Starting a horse on jumps?

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Starting a horse on jumps?

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    03-04-2011, 11:25 PM
Starting a horse on jumps?

I've been doing a lot of research about it, because sooner or later I'm going to TRY to get my boy into jumping!

My question is: Is it ok to start him on jumps myself, then just go to a trainer a few times of month to help me refine him? Or would it be best to just hire a trainer for about a month to get him going good for me?

I plan on painting up some poles around here and use them as ground/trotting poles, that can't hurt. I was also considering setting up a cavalletti or cross rail to lunge and eventually ride over, so that's why I'm askin y'all's advice :)

Also, any jumping or pre-jumping excercises/advice is welcomed.
He is comfortable with me trotting/cantering him in both half seat and 2 point.
Thank ya!
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    03-04-2011, 11:40 PM
Do you have any experience jumping?
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    03-05-2011, 12:01 AM
And of course they'd be small jumps, probably less than 2 ft. Y'know, the kind where sometimes the horse just trots over them :)
    03-05-2011, 12:37 AM
It all depends on your experience with jumping. Getting a trainer can never hurt (provided its a good trainer) and they are usually worth every penny.

But, as for starting him yourself: How old is your boy? Why do you say 'try'? Has he had any experience jumping? Good or bad experience? The best way to start is obviously with trot poles. I usualy start with lunging a horse over poles (start with one and build up from there) at both the trot and canter, let them figure it out. Once they have the hang of it, then I move and do the same exercises in the saddle. I also like to adjust the poles, make the striding slightly longer, slightly shorter etc. to get the horse (and rider) used to shortening and extending its stride which is a valuable tool for jumping.

I don't lunge horses over jumps very often, mainly because all of our jumps have jump standards that the lunge line could get caught on but I have lunged a few horses over barrels on the ground and logs which works well. But for others, I just start taking them over very small cross rails. Sometimes they need lots of leg for encouragement and some trot over them while same take HUGE leaps the first time (very important that you go with the horse even if it takes a massive leap and don't catch it in the mouth). Once the horse is happy jumping small cross rails, I move on to two jumps after each other (gradually decreasing the distance between the two) to get them used to combinations and then move on to triple combinations and then gradually increase the height.

I like to start jumping horses from a trot and maintaining a regular, calm rythm is a must! Horses must not rush jumps and must remain responsive. Only once my horse is happy trotting over the jumps, do I move on to cantering over jumps (start again from the beginning, do they keep a regular stride over cantering poles etc.). When I increase the height (up to a point obviously), I also start with trotting over that height until they are calm and jumping well and then start cantering over it.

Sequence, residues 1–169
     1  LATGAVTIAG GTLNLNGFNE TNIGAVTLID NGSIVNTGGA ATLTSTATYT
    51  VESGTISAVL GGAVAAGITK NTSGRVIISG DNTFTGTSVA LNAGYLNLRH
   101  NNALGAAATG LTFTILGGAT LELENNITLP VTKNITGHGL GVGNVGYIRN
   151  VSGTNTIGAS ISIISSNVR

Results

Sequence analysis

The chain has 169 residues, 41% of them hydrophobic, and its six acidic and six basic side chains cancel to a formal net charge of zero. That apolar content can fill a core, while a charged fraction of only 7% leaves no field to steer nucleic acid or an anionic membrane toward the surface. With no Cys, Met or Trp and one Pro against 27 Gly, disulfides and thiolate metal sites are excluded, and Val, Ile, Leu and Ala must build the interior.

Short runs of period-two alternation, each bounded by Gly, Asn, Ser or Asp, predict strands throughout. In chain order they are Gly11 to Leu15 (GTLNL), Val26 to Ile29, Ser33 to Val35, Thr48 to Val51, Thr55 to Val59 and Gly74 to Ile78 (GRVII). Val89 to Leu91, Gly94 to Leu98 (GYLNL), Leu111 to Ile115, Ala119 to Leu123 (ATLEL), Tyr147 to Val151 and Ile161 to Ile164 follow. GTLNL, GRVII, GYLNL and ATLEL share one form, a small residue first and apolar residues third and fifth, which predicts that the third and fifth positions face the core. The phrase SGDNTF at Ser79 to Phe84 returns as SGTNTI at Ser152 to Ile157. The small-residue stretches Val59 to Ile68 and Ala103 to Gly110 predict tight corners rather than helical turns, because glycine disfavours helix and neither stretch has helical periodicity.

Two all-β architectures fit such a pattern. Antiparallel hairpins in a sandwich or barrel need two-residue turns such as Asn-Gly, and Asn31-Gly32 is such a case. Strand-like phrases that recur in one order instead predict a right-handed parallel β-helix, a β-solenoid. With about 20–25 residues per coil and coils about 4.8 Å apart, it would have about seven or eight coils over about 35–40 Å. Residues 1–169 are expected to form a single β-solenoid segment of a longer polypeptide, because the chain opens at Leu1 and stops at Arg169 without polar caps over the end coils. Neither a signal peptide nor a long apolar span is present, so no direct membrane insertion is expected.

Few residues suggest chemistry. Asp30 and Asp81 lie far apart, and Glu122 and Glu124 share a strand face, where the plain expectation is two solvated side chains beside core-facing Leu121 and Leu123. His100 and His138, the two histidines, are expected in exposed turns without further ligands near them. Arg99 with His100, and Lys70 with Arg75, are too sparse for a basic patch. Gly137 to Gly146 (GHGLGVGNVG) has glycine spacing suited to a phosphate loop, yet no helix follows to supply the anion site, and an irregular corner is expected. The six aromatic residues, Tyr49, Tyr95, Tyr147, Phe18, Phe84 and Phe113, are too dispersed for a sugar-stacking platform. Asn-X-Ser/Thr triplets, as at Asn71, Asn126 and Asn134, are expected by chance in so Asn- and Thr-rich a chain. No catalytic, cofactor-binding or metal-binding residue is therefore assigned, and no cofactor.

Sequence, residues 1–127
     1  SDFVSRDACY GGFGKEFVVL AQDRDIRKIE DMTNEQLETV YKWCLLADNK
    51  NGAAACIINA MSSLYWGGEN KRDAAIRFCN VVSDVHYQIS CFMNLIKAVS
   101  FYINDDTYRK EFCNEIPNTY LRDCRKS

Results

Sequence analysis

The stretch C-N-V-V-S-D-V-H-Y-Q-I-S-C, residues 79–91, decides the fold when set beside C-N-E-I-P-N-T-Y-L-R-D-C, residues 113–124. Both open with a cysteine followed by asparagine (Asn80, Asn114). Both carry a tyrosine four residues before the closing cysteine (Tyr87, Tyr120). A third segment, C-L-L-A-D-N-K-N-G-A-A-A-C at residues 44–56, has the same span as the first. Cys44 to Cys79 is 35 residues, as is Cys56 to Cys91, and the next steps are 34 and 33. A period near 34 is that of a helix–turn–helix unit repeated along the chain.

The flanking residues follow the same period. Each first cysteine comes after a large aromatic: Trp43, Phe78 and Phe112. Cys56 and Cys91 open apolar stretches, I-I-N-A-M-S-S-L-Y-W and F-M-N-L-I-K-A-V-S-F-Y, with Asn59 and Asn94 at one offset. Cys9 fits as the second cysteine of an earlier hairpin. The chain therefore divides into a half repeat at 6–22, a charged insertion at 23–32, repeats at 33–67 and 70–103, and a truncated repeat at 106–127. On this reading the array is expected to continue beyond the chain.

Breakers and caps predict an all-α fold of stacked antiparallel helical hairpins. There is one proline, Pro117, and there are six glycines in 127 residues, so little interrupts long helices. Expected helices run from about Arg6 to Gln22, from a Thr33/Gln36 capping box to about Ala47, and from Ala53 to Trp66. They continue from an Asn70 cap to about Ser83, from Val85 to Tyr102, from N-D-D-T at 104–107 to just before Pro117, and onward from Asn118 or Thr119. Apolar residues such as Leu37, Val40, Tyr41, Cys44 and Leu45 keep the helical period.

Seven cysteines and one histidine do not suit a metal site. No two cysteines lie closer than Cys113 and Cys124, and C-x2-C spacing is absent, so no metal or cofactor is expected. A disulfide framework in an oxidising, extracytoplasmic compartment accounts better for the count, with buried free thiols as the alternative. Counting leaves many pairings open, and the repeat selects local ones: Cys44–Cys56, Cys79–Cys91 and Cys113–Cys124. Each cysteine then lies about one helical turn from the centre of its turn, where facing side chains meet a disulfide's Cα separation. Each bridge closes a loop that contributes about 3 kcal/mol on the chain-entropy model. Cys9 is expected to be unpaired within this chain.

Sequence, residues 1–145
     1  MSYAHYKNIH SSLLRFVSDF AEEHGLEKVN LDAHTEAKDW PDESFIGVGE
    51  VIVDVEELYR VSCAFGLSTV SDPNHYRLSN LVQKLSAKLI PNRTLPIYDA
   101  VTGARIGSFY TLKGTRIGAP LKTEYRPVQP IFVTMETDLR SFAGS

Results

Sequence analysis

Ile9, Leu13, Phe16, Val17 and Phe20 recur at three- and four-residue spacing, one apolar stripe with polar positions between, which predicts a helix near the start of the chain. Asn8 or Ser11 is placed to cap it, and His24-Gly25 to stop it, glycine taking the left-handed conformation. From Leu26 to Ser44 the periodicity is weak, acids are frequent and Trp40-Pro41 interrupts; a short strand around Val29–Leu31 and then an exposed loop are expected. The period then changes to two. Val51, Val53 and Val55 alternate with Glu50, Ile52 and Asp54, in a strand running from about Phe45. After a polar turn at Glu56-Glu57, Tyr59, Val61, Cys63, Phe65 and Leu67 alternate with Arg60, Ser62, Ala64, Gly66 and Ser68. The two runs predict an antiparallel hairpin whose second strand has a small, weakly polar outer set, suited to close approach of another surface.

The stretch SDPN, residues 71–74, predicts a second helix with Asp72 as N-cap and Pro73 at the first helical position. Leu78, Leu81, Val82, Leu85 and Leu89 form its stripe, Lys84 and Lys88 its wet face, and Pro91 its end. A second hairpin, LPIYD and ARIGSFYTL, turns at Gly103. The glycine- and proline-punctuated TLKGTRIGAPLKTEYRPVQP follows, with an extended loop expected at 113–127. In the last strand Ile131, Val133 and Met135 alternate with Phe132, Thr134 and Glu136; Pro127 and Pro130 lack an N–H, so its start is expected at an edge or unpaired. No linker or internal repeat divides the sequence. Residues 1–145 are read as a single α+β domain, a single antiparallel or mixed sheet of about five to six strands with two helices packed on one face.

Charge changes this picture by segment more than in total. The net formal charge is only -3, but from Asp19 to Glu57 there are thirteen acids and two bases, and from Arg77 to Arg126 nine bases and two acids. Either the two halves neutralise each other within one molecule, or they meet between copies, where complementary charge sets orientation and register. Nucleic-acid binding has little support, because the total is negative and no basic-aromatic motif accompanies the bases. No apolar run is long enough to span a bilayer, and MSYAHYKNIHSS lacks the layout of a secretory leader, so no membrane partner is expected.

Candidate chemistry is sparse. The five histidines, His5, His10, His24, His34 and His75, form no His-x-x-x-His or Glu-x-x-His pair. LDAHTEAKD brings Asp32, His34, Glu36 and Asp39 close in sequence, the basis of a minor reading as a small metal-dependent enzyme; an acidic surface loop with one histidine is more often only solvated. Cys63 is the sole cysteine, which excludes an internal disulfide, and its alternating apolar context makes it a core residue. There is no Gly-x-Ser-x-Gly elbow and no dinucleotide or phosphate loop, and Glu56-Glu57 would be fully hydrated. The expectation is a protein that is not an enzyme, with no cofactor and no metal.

Cavaletti is always great, it does wonders for your horses jumping form!
    03-05-2011, 01:00 AM
Good post! I just want to add that free jumping your horse never hurts before you start jumping them with a rider, let them figure out where their feet should go, how to balance ect without the added confusion of a rider. However if you don't have much experience with jumping I would suggest getting a trainer to start her. You don't want her first times jumping to have a negative effect if you're unable to keep your balance and end up catching your horse in the mouth, ect
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    03-05-2011, 01:30 AM
I say "try" because I do not know if jumping will work out for him as far as him enjoying it.

He is 9, I doubt he has ever been jumped before. He was trained in WP, and I get him this september and we've since switched to english.

You could say I'm a begginer jumper, because I haven't done it very long, but I've been taught with a good foundation and am aware of where my release and seat is.

So what I'm gathering is it may be best to get hooked up with a trainer, and at the most I can lunge over jumps? :)
    03-05-2011, 01:45 AM
Its always good to have a trainer help you with anything your unsure with, you can definitely do work to build your horse up to it though like previously stated :)
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    03-05-2011, 03:25 AM
As Rosie says, a trainer is always better but if you have a solid seat and release, I don't see why you can't begin your horses training. Lunging and even leading over jumps also helps prevent horses from over-jumping them the first time!
    03-05-2011, 09:27 AM
If you don't think you have much experience I would get a trainer to help you. There is no reason you can't start working on trot poles. The first jump I do with a horse is 4 trot poles to a cross rail. This teaches them to maintain their trot and where to take off. I don't really like to do free jumping or lunging over poles/jumps to teach a horse to jump. I would rather control them as a rider.
    03-07-2011, 08:53 PM
It would be best to have a trainer once a week or so for the first month or two he is started over jumps, and once you two are both more confident and have started to find your way, maybe have a monthly lesson to touch up on things.

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